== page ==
In Britten’s songs, we begin to observe a significant crack in our relationship with the idea of childhood – a breach that has accompanied us to this day. It is the sense that the child has been forcefully banished from the world of adults, enclosed by our overprotectiveness in a safe haven, from which it will one day emerge unprepared for the cruelty of adulthood. We should be thankful that at least composers try to fill that chasm of misunderstanding.

Translated by: John Comber

The Daughter of Fornication and the Awful Prophet

It appears that Opera North is able to turn any adverse situation to its own advantage. Because the orchestra pit at the Grand Theatre is not able to fit a large orchestral ensemble, during the last part of the season the musicians focus on only one work – and that, one of the most demanding in terms of the number of performers required – and tour England with it, starting at the impressive auditorium in Leeds City Hall. In order to satisfy an audience thirsty for theatre, they present the work in a semi-staged version, without expensive props and costumes, discreetly stage-directing the singers gathered in the foreground in front of the orchestra. This requires considerably more precision and imagination than a traditional opera staging, but it yields superb effects, as is attested by the successes of Der Ring des Nibelungen from two years ago and last year’s Turandot. It sometimes happens that Opera North puts its money on the wrong horse and wins despite that: I have in mind its last music director, who in April 2017 broke his contract in quite mysterious circumstances, thereby giving Turandot and the crowning work of the current season, Salome, into the hands of another conductor. But we shall speak about that in a moment.

As I write these words, Richard Strauss’ scandalous drama is still on tour with the Opera North ensemble. I managed to catch Salome at the Warwick Arts Centre on the University of Warwick campus. The university, located in suburban Coventry, numbers among the seven ‘plate glass universities’ erected at the beginning of the 1960s on the initiative of the University Grants Committee. The name ‘plate glass universities’ attached itself to them on account of their modernist architecture, sharply contrasting with the appearance of Oxford’s and Cambridge’s medieval buildings and with that of later brick layouts from Industrial Revolution times. The University of Warwick occupies a surface area of nearly three square kilometers, and is a self-sufficient campus with splendidly-functioning infrastructure. Anyone who gets bored of studying in the 24-hour library or lying out on the grass among the tamed wild geese can take advantage of the abundant offerings of the Arts Centre, the largest British ‘cultural combine’ after London’s Barbican. The building is also home to the freshly-renovated Butterworth Hall – with its intriguing pseudo-industrial decoration, superb acoustics and functionally-designed auditorium with over 1500 seats.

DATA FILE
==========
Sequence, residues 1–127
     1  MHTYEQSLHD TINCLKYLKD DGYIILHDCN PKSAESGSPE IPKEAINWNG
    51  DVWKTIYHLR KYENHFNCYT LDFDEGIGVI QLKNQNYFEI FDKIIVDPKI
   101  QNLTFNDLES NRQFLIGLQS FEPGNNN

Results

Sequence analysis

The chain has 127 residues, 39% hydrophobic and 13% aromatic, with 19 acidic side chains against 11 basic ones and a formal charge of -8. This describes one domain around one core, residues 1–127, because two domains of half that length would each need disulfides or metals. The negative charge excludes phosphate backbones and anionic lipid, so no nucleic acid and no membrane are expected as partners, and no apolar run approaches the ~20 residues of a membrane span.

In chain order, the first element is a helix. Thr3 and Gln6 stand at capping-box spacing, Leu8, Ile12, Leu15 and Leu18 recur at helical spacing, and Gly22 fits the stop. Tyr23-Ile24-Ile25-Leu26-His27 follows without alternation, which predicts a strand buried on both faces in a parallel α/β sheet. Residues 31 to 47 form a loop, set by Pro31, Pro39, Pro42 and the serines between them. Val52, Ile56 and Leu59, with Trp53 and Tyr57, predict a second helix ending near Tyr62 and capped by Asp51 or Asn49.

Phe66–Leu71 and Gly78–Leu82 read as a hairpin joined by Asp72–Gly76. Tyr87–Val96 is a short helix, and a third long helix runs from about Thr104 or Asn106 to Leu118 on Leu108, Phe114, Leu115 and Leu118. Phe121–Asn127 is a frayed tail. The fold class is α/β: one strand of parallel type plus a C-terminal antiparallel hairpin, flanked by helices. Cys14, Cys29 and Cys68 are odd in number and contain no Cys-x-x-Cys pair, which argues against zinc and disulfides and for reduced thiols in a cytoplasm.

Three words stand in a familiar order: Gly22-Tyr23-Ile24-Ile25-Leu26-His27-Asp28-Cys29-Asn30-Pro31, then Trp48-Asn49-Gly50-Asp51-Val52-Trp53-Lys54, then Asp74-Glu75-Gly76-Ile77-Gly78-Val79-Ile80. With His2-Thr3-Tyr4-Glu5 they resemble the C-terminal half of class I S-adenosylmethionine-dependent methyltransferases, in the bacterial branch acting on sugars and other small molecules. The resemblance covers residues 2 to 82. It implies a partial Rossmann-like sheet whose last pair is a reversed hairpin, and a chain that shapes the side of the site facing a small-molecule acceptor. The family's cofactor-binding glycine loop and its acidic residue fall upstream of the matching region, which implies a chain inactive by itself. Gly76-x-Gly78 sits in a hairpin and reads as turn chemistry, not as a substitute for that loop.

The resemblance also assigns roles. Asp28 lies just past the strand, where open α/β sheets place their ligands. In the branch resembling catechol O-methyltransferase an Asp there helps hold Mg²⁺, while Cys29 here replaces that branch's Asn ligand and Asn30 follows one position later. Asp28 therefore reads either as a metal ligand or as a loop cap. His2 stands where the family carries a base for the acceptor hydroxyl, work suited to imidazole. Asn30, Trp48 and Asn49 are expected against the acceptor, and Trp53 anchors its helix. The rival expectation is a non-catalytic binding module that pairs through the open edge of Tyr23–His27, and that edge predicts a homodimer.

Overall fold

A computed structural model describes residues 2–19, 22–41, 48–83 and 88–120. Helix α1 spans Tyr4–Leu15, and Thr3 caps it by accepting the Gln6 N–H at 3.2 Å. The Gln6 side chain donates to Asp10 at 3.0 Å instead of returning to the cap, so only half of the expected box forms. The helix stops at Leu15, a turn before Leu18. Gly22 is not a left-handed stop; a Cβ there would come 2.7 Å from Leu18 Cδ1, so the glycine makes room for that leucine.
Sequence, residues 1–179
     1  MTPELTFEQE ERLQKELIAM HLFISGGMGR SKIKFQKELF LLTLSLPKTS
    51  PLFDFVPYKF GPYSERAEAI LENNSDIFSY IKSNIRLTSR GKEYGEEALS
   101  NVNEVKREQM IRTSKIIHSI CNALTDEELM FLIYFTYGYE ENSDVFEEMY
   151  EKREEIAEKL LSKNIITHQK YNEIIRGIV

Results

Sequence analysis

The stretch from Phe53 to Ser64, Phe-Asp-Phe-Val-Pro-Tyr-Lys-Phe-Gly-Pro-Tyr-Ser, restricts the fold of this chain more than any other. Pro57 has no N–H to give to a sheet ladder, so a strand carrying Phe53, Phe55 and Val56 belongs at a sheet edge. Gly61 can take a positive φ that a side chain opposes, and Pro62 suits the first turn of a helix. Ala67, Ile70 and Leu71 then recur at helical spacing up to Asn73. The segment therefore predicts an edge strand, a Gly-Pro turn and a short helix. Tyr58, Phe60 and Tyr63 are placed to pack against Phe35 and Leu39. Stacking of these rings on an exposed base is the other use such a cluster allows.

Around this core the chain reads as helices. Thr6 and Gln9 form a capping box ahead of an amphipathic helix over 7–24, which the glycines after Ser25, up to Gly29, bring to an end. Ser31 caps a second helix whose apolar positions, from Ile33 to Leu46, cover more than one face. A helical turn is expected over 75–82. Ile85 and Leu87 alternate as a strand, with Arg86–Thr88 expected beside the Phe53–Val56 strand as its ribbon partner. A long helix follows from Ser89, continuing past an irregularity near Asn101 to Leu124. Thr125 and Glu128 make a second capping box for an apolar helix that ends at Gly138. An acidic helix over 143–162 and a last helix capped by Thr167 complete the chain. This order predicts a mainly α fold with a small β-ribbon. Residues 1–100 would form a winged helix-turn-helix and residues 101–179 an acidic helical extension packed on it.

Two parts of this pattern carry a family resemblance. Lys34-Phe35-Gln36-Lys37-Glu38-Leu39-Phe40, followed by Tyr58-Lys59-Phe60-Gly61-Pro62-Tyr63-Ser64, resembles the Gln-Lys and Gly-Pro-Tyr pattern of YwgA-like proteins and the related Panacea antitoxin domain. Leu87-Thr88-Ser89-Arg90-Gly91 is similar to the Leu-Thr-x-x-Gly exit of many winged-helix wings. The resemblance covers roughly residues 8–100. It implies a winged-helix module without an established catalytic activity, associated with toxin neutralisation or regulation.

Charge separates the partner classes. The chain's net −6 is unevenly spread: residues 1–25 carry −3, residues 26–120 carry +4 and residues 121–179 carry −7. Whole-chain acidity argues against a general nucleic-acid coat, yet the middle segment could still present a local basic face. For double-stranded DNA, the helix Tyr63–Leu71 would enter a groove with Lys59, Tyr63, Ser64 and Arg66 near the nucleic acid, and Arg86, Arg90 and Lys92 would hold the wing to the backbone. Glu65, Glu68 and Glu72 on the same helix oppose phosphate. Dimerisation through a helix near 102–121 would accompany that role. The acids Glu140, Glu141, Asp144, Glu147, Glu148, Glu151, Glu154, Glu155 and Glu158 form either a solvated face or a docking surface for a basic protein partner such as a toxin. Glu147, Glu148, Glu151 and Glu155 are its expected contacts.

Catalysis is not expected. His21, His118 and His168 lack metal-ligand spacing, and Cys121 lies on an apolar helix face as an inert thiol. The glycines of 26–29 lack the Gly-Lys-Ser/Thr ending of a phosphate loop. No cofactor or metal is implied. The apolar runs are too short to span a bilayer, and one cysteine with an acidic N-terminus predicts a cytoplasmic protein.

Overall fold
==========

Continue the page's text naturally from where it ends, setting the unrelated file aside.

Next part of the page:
Jennifer Holloway (Salome) and Oliver Johnston (Narraboth). Photo: Robert Workman.

Even so, the orchestra – though still slimmed down by about a dozen instruments included by Strauss in this mammoth score – took up nearly the entire stage. In comparison with previous Opera North ‘semi-stagings’, the concept for Salome turned out to be even more economical (stage director: PJ Harris; lighting: Jamie Hudson). It was missing not only Jokanaan’s head, but also the dance of the seven veils. There was also a lack of clear interaction between the characters. Which is all well and good – because in this work, there is no such interaction. No one here converses or sympathizes with anyone. The only human figure in this bloody story – populated by degenerates ruled by animal instinct and by repulsive fanatics – seems to be the young, lovesick Narraboth. The stage director made the wise decision to leave these monsters to themselves and lay bare their emotions. Each one had to build their character from scratch: with singing, gesture and body language. In this Salome, there is no dirt, jewels or blood – but for all that, there is pure hatred, lust and desire for vengeance. And enough ambiguities to provoke the viewer to independently put the narrative together into a single whole.